Criminal Law and Your Rights
Chicago Criminal Procedures
From the moment that a person is first suspected of committing a crime until that person is later released by the court, the process of navigating the criminal justice system can be overwhelming. At every point along the way, there are specific steps and procedures that must be followed, and a failure to properly follow procedures may ultimately make the difference between a finding of guilty or not guilty; between freedom and incarceration.
It is true in Chicago (as it is across the state of Illinois) that you cannot be forced to hire an attorney for your case whether it is criminal or traffic, misdemeanor or felony. But it is also basically true that if you insist on representing yourself, you will find that the judge is less than excited at the prospect. That’s because judges know that non-lawyers are unfamiliar with all of the legal rules and court procedures and generally will not represent themselves as well as an experienced Chicago criminal attorney would. Partially because of this, a judge will usually strongly suggest that you hire a private attorney, especially for any case that has the potential for jail.
The criminal justice process is complicated, which is why defendants need an experienced criminal defense lawyer to fight for them. If you or someone you know has been arrested, call Mitchell S. Sexner & Associates LLC at (312) 644-0444 to discuss your case free of charge.
When a crime is believed to have been committed in Illinois, law enforcement begins by investigating what happened and gathering evidence. It may begin with a traffic stop, a 911 call, an informant tip, or the police officer may have personally witnessed a crime. Sometimes, as in the case where police witnessed the offense, there may be virtually no investigation at all. Other times, detectives may spend days, weeks, or months investigating a crime, speaking to witnesses, or examining records.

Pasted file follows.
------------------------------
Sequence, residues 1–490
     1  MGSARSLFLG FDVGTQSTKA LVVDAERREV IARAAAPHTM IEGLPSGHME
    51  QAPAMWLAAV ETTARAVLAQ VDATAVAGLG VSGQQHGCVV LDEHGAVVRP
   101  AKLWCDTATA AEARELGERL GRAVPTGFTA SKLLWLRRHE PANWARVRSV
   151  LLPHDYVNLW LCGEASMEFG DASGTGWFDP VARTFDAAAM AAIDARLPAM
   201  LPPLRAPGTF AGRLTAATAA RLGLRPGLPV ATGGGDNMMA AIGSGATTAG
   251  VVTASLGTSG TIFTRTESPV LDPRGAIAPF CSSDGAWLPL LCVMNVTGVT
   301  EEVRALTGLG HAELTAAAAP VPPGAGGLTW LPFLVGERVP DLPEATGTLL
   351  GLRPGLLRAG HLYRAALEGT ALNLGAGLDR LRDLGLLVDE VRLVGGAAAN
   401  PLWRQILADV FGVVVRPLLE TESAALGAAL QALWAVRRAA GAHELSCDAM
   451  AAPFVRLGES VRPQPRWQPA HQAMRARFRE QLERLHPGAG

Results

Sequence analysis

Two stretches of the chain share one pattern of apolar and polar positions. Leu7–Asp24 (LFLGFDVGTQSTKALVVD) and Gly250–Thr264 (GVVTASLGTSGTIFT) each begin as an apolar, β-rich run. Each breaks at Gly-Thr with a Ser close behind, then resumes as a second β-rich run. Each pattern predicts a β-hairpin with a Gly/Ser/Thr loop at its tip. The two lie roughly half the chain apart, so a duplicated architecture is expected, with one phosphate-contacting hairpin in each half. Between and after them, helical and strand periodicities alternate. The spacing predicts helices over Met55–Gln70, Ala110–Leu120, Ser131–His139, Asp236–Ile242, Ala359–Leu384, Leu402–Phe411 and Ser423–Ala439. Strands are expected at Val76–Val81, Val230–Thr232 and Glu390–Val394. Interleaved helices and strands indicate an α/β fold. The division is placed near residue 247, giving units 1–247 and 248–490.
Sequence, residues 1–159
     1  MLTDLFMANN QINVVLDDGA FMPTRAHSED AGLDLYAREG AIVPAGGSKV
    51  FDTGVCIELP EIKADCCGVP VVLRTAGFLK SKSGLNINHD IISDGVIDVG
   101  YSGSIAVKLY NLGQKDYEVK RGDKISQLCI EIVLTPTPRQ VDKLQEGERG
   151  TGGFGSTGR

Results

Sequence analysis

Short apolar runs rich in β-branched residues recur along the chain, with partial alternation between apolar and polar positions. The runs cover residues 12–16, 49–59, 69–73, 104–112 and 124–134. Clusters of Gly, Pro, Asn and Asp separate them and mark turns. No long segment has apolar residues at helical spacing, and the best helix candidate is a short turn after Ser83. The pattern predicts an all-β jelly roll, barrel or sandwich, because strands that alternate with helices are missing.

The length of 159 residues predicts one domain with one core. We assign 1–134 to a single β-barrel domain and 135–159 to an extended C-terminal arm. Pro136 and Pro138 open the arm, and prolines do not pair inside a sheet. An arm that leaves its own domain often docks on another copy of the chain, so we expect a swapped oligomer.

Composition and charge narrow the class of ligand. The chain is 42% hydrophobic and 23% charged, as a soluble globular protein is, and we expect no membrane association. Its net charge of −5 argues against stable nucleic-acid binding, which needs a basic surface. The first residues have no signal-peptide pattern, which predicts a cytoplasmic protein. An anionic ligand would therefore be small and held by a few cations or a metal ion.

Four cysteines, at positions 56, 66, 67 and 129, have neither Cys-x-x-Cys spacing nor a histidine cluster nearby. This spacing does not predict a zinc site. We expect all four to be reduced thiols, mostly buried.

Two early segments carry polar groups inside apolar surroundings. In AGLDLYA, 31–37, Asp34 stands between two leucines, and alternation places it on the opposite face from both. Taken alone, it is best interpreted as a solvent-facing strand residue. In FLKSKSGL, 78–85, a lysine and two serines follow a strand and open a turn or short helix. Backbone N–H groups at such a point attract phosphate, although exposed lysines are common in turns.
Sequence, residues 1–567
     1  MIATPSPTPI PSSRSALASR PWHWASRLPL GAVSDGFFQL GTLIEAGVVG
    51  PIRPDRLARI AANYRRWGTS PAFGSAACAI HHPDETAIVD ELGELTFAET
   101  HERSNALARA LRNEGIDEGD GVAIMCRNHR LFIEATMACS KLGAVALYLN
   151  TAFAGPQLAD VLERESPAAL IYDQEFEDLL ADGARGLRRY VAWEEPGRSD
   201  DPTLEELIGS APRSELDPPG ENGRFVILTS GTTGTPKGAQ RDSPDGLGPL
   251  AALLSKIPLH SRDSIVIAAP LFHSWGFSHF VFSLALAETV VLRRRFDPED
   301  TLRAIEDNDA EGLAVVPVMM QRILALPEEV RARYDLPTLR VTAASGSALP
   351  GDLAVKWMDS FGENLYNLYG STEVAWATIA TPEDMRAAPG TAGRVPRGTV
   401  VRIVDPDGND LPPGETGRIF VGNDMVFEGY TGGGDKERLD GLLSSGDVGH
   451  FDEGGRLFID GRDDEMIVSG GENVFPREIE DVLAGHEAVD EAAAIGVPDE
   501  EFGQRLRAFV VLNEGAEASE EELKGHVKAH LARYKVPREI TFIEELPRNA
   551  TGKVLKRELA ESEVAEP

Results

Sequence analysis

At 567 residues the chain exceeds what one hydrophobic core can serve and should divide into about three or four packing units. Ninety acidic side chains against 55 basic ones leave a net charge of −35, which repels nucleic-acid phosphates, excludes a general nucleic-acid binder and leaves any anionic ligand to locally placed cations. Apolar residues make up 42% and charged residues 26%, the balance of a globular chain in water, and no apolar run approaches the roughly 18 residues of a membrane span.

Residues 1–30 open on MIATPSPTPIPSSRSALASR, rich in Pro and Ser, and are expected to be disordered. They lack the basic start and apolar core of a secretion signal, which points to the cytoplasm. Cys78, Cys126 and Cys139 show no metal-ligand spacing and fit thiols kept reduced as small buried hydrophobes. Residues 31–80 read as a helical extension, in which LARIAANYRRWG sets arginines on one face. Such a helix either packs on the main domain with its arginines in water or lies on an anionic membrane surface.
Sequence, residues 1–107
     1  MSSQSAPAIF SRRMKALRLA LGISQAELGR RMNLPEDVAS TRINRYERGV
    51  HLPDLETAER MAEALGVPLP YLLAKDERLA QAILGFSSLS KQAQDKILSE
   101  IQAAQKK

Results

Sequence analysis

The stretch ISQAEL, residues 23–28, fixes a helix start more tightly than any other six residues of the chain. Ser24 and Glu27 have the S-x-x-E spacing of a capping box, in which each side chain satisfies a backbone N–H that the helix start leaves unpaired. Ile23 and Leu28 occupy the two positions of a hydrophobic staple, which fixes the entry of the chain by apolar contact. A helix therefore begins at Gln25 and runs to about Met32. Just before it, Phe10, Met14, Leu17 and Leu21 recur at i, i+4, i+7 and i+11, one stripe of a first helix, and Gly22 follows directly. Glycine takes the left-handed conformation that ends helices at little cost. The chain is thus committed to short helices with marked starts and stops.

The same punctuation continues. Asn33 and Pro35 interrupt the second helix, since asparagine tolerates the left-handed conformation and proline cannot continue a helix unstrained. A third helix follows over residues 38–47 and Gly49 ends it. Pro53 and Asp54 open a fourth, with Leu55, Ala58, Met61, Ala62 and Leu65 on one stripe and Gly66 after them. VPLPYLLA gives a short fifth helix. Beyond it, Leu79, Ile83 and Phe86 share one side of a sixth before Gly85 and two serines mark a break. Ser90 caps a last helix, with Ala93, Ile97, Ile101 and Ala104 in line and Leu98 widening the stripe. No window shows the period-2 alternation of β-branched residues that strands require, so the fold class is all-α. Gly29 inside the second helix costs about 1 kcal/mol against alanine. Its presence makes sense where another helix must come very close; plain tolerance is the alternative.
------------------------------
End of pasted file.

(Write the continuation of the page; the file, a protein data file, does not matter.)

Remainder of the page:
An arrest typically occurs once police believe that sufficient evidence exists to indicate that a certain person was responsible for a crime. The person may be arrested on the spot, after the police have been called to the scene of a crime, or after a long period of police investigation. In circumstances where the police believe that they have “reasonable grounds” to make an arrest, the arrest may occur without a warrant. In other circumstances, the police may first need to convince a judge that a “warrant for arrest” is appropriate.
Charging & Processing
Once a person has been arrested, the police may charge the crime in a number of ways. If the crime is a very minor offense, the police officer may simply issue a ticket or complaint at the scene. For most misdemeanors, however, arrestees will be handcuffed and taken to the station for processing, after which they will be released once they have posted a cash bond (or after signing a personal recognizance bond). But in the case of a felony, or certain misdemeanors including domestic battery and gun charges, the person will be brought in front of a judge to have bail set. This may require the arrestee to stay in custody overnight. Before any arrestee is released, he or she will also typically be fingerprinted and photographed.